Benefits

Instill Passion in Your Staff For Your “Concierge” Practice Model.

By Michael Tetreault, Editor-In-Chief

I can’t tell you how many times I’ve spoken to a concierge or direct care doctor from a different part of the country that tell me the same story … ‘I had an employee who didn’t believe in my medical practice model and they were telling patients to go somewhere else. I should have done something but they’ve been with me for years.’

Well, did you know that we’ve found (CMT) that one of the top ten reasons why patients leave their concierge physician is because they don’t like your staff?

That’s right and while passionate employees produce better results – keeping someone who has been loyal to you for years but you know deep down isn’t good for business can cause more harm than good to your bottom line. The best way to spark passion in your concierge medicine front office employees, nurses and other staff is to demonstrate your own passion — but don’t be a cheerleader at staff meetings. Here are three simple ways to authentically show your enthusiasm and inspire others:

  • Have everyone share a success story once a month at your staff meeting. This will help build comraderie among your staff as well as lasting memories that help foster the kind of stories that you and your staff want to achieve from month-to-month.
  • Focus on the positive. Author and business consultant Marcus Buckingham wrote a book about this. He writes … Unfortunately, most of us have little sense of our talents and strengths, much less the ability to build our lives around them. Instead, guided by our parents, by our teachers, by our managers, and by psychology’s fascination with pathology, we become experts in our weaknesses and spend our lives trying to repair these flaws, while our strengths lie dormant and neglected.Too often we focus on the bad thing(s) that went wrong. While this is necessary to discuss at times in our business, we need to learn as managers of businesses to encourage and help employees grow and use their strengths at work. Employees know when a doctor truly cares about his or her practice. Passionate concierge medicine doctors can’t help but talk about what’s working well and try to find ways to fix what isn’t. So, help your employees nurture their strengths month-to-month — you’ll be glad you did!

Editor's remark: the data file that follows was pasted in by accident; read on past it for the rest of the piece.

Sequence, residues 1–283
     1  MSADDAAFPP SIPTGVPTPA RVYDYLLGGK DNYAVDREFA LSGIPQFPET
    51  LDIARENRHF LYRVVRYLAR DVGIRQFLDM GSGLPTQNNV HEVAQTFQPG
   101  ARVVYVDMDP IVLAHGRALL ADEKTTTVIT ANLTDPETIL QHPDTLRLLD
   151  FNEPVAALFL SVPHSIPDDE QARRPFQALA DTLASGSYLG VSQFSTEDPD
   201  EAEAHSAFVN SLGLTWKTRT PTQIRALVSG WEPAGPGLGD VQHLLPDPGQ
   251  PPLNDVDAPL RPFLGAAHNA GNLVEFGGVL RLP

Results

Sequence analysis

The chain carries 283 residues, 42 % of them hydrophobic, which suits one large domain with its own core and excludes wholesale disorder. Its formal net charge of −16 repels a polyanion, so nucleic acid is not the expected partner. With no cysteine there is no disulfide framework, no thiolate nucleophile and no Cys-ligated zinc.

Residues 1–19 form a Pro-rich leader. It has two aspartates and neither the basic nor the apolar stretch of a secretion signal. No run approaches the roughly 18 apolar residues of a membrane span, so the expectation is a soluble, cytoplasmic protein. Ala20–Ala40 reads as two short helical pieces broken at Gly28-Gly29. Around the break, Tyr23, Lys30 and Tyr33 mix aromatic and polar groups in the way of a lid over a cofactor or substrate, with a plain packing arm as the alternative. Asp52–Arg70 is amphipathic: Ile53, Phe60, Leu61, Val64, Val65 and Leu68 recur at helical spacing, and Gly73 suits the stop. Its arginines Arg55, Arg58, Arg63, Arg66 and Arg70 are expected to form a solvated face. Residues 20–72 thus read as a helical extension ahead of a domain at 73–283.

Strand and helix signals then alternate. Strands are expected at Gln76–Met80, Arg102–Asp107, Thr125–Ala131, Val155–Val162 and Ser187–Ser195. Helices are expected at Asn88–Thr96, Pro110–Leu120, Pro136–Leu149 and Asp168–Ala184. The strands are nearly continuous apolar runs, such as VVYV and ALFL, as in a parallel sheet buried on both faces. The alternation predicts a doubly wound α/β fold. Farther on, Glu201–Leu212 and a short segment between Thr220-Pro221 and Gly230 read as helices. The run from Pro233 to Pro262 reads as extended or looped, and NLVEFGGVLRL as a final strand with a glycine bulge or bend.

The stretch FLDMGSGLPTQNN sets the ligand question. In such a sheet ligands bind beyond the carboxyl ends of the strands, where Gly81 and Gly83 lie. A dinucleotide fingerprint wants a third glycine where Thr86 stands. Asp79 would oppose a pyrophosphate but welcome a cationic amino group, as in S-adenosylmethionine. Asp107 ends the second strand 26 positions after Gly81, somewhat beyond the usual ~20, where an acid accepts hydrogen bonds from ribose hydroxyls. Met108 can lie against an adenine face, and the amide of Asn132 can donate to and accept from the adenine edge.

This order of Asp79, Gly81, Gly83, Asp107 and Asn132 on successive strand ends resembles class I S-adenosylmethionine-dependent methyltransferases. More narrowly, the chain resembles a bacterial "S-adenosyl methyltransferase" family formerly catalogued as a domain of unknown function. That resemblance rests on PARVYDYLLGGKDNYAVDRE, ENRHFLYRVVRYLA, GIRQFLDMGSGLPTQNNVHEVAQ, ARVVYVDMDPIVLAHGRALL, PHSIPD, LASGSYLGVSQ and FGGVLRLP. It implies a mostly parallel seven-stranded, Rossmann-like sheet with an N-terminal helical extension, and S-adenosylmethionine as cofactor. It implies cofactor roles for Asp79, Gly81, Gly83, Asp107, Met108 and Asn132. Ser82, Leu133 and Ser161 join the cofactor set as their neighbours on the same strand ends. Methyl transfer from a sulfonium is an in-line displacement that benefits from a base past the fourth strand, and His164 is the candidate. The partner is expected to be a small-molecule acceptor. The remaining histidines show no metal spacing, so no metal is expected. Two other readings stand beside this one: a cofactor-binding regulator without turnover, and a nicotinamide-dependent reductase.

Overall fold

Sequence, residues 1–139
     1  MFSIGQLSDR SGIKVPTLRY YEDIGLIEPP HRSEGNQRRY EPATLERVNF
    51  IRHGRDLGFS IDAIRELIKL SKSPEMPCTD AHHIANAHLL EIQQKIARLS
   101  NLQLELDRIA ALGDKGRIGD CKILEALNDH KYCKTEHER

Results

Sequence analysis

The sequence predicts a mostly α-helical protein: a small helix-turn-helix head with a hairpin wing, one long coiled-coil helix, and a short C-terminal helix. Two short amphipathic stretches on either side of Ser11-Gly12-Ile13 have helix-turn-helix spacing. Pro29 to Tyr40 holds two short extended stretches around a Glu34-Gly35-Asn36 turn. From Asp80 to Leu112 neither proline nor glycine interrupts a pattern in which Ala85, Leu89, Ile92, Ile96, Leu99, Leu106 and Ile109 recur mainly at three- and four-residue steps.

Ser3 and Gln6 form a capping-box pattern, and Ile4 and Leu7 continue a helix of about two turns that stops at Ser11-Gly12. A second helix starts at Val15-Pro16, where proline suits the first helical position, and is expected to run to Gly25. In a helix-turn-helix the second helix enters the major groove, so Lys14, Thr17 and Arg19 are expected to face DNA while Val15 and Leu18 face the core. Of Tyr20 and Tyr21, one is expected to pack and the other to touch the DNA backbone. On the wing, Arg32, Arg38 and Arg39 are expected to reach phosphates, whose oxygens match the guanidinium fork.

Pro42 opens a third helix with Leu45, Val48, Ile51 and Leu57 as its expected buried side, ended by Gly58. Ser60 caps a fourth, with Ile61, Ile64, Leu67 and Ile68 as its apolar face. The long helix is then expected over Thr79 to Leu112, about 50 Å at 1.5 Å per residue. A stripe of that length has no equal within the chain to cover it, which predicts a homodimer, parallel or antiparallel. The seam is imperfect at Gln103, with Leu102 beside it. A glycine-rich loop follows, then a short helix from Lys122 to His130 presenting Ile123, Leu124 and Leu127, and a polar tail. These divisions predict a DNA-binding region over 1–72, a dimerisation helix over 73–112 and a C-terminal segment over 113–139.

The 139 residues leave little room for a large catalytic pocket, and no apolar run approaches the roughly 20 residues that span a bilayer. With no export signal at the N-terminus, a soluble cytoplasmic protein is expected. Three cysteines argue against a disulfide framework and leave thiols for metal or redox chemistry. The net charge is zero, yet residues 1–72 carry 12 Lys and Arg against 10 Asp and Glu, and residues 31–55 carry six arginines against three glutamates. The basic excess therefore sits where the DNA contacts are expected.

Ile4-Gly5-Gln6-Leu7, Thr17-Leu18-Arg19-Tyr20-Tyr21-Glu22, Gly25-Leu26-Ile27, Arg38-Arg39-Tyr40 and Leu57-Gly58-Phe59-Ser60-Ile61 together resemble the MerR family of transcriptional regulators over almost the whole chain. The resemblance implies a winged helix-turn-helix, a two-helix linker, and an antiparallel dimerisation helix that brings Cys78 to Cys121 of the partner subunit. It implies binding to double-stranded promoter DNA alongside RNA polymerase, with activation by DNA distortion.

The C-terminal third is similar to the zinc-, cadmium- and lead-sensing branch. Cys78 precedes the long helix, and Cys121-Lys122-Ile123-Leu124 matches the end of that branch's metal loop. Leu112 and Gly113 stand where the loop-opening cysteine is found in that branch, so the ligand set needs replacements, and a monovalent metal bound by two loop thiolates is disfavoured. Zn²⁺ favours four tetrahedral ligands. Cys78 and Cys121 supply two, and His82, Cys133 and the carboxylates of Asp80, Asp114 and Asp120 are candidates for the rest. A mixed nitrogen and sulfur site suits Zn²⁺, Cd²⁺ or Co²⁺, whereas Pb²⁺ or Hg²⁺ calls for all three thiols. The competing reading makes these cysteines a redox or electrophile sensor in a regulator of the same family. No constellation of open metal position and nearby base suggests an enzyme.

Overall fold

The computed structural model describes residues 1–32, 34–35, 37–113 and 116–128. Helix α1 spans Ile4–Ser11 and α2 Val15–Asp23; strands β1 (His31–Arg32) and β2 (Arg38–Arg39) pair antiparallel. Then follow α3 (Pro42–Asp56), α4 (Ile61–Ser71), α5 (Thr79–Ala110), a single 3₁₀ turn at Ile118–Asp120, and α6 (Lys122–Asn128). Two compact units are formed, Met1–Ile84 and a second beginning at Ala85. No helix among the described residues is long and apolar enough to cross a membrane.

• Set goals and expectations. One of the reasons that mega-churches are growing so fast across the U.S. is that they have set expectations with their audience week in and week out. It’s no different in a doctor’s office. You should know exactly what to expect when you walk in and if you’re going to be greeted with a smile, an ill-tempered staff member that needs to find another job or you’ll be given a bill. Which scenario sounds best to you?This doesn’t mean unattainable workloads. Passionate concierge physician entrepreneurs should inspire and challenge their employees and patients to do their best, without overloading them. A great tip is to break your goals and expectations into little tiny goals creating easy wins for your team and your patients. This constant state of winning will be a guaranteed formula for success. Everyone wants to be with the winning team. Success breeds success and it is infectious.
  • Encourage everyone on your staff to be part of the relational, healthy lifestyle process. I believe that in order for sustained, healthy lifestyle change to occur, we have to grow together with those we surround ourselves with. This happens best inside a doctor’s office when together, patients, employees and the doctor(s) are prioritizing intentional relationships and we’re all seeking the same goal. Walked out, this means that if a patient is struggling with a weight problem, broken their arm or coping with a more serious chronic condition, they want to know that it’s not just the doctor who cares — but the receptionist on my way out who asks me if I’m okay too.

Interested in more helpful business tips from successful healthcare entrepreneurs, check out CMT‘s our INNOVATORS PANEL or visit www.ConciergeMedicineToday.com.

Originally Posted: February 27, 2013

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